30 Sep 1987 18:26-EDT

The MCI Mail system, which runs on an X.25 version of the BBN C.30 packet
net, is a line-at-a-time system which forwards on CR and does intra-line
editing at the PAD (TAC). Most users preferred that mode because
of the immediate echoing response. Remote echo mode was simply not
acceptable. Of course, many of the long haul lines were 9.6 rather
than 50 kb/s and this contributed to increased "stickiness" of the
echoing. On the whole, I felt strongly for that particular application
the line at a time mode was best - presuming, of course, that most
of the real text editing was done off-line with a PC and that the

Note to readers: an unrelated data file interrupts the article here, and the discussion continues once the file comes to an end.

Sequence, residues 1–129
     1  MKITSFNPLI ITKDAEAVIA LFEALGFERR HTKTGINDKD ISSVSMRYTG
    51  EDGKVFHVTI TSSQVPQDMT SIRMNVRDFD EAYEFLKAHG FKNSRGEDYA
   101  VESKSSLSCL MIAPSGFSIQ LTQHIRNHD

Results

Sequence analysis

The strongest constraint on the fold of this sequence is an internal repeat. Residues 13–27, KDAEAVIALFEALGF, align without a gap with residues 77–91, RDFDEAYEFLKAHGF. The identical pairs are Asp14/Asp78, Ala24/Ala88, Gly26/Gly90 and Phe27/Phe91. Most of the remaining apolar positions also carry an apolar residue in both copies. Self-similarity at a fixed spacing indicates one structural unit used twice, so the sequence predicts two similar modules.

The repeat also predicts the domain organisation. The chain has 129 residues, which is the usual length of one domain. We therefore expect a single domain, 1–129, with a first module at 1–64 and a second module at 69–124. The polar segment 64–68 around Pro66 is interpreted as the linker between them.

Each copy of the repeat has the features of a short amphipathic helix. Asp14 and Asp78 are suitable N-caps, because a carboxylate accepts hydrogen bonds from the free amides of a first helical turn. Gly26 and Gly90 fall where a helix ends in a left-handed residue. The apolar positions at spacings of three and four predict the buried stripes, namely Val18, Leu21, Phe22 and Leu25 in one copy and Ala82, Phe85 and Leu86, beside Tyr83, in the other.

interaction was mostly for preparation of addressees.

Eventually, PC packages like Lotus Express and Desktop Express for
the IBM PC and Apple Macintosh were produced which largely decoupled
the users from any direct interaction exposing the network. Most users
of these packages prefer not to go back to the direct mode at all,
I believe.

The point of all this is to argue that localizing much of the
interaction which would otherwise require char-by-char network
support seems preferable and in keeping with trends towards more
powerful, local workstations using background processes to handle
network activities.


This archive was generated by hypermail 2.0b3 on Thu Mar 09 2000 - 14:39:34 GMT